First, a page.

OAKLAND—California has officially legalized the use of marijuana, not much has been discussed over the plan action and restrictions of selling cannabis. In spite of the upcoming changes for proposition 64, dispensaries are continuously marketing to sell their products. Businesses such as Magnolia Wellness Dispensary and Willow are small start up’s, who aren’t shying away from the future of the cannabis industry.
Employees at Magnolia Wellness Dispensary at West Oakland. Assistant General Manager, Katherine Rabinowitz considers her employees as patients and values their opinion, “Staff feels confident expressing their opinions, the staff is the patient.” November 19, 2016.
The indoors recreational area is set up for patients to feel at ease. Inventory is displayed to”Showcase different things, to better patients daily regiment.” Products are accessible for patients to view during their visit at MWD and prices are also listed from their flat screen televisions. November 14, 2016.
Every year there is an annual event held by the Weed Club, it allows dispensary owners from other states to engage with one another. Each group displays their productivity and pitch an idea to the Weed Club for a chance to earn a loan for their organization. Magnolia Wellness Dispensary ranked as winners for the best pitch at the Weed Club event that took place on October 26, 2016, at the Twitter headquarters in Downtown San Francisco.
At Magnolia Wellness Dispensary, Dave McCullick, General Manager converses with a fellow coworker. Over the matters of proposition 64 and the tax cost of cannabis. According to prop 64, retail will be taxed 15 percent for both medical and nonmedical patients. The rate of cannabis “Indoors we pay $2,500 to $3,000, about $750 per pound, ” said McCullick and in regards to the regulations from legislatures, “it doesn’t affect us.”
At first dispensaries such as Magnolia Wellness were unclear of the governmental procedures of the prop 64. “It was quite poorly written.”said Tom, an employee at Magnolia Wellness dispensary. The restrictions have not yet been reinforced and matters of the pricing of cannabis influxes often. November 14, 2016.
Jason Herrera assisting a patient with their purchase at Magnolia Wellness Dispensary. Instead of upselling their products, MWD employees suggest products for patients that have complaints of back pain or “offer Soaks that are beneficial for cramps , that have Epsom salt, infused in cannabis,” said Rabinowitz. November 14, 2016.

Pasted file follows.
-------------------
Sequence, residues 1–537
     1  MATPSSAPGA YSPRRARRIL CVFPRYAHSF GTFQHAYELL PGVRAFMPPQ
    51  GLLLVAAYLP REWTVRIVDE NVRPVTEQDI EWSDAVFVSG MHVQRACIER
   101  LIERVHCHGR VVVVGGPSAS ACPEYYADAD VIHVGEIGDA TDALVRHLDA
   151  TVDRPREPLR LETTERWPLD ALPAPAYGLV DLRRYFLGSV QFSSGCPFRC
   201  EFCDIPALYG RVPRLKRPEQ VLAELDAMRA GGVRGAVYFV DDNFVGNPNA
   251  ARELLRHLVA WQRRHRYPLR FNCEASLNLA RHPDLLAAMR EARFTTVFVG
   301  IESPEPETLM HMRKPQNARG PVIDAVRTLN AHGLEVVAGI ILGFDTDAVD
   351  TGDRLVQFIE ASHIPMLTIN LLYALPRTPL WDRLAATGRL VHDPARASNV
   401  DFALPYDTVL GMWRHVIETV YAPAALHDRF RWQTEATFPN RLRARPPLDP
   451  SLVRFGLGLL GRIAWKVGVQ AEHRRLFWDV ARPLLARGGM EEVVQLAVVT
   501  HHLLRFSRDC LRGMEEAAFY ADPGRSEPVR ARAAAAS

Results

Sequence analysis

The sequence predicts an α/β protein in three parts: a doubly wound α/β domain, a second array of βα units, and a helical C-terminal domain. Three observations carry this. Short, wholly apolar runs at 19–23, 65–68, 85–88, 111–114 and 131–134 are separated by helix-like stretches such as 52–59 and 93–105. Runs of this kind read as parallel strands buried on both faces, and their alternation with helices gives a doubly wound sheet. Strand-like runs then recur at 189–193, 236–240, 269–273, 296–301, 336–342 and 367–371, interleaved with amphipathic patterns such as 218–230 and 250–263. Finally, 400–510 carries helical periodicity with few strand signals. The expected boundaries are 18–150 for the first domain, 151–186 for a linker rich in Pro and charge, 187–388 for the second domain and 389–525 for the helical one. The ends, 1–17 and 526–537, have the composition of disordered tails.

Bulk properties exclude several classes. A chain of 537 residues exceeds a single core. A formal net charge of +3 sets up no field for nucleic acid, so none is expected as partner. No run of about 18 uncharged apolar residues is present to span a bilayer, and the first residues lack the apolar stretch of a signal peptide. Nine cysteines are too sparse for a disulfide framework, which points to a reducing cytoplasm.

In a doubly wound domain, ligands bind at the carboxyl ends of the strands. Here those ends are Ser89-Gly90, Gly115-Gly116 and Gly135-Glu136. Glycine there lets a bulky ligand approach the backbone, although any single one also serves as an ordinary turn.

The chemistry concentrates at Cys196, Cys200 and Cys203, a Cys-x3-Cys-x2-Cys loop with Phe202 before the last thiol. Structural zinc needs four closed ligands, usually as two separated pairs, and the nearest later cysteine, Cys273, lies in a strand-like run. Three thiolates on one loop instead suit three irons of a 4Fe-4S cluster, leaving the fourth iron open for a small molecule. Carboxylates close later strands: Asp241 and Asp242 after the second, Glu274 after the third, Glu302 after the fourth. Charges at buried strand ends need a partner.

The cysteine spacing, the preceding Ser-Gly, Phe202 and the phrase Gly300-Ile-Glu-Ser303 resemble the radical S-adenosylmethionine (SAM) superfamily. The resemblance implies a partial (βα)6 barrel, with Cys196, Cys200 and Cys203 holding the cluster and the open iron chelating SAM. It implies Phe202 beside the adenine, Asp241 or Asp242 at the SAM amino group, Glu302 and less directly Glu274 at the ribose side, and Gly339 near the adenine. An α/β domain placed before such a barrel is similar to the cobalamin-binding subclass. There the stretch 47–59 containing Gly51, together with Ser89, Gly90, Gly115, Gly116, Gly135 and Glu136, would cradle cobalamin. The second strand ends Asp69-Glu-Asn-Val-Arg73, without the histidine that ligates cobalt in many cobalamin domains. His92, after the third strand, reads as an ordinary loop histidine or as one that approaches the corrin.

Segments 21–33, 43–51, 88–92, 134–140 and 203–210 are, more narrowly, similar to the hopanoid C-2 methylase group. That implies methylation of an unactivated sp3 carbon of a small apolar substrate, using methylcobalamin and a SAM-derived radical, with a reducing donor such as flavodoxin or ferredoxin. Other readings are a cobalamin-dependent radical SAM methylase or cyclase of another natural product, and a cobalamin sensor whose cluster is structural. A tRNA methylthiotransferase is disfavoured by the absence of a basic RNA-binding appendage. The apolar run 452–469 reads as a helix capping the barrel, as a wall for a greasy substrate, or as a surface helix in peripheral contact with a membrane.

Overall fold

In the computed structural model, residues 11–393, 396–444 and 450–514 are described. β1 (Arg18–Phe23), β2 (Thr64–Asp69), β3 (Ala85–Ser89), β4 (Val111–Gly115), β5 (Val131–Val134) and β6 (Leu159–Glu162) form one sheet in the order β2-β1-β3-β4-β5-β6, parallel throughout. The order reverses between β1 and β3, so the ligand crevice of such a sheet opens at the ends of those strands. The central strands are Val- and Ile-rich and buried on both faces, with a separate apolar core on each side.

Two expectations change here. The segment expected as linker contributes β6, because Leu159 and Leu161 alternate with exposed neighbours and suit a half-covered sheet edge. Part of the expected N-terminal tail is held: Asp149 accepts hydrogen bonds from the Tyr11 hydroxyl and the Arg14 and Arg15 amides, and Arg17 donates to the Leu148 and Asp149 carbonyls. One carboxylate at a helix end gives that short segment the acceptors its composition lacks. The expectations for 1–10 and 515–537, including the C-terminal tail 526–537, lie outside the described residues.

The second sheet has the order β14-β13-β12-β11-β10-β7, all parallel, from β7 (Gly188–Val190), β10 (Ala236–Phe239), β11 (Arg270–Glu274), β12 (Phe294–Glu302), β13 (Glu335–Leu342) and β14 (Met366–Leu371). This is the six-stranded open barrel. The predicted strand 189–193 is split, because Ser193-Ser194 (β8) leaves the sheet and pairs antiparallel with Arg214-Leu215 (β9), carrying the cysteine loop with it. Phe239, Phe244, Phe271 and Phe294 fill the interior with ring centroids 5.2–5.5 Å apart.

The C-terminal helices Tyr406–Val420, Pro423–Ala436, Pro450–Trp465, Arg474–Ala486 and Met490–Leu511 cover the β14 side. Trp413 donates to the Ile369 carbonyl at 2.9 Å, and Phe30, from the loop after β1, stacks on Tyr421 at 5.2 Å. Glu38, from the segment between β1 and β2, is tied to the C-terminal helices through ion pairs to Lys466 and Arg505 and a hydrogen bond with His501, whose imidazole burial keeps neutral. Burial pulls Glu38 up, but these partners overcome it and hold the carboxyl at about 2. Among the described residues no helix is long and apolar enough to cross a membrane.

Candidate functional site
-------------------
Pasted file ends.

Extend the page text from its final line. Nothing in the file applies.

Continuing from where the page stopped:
At the entrance of MWD by the corner, a tablet is displayed at the recreational area. Willow is an app designated to answer questions for cannabis products. A live person chats with the patient and assists the patient with any concerns or interest of a certain product. November 14, 2016.
Rai Cahlil left, and Chris Liu, right at the balcony of Oakland Gateway Headquarters, these two young gentlemen launched willow. An application their small tech company operates to make sales on cannabis and assist customers with any particular questions on a certain product. As for Liu’s viewpoint on prop 64 in governmental involvement. There is a possibility that law enforcement will be a lot stricter on concentrated companies who aim to sell their products at places like night clubs. Nov. 22 2016
Chris Liu outside from a balcony at Oakland Gateway Headquarters. According to Liu, thousands of dispensaries will compete with major industries. As for small crop cannabis growers, he compared them as new craft breweries, offering new products to remain known in the weed industry. Nov. 22 2016
Kai Cahlil centered in Liu’s explanation on prop 64 and insight on their willow app. At the balcony of Oakland Gateway headquarters. Both Chris and Kai hope the passing of prop 64 will higher the market value of cannabis and bring more profit towards their tech company. Willow will be moving to a new location in San Franciso in hopes to grow as a company. Nov. 22 2016
PhotoJournalist/Reporter: Cristabell Fierros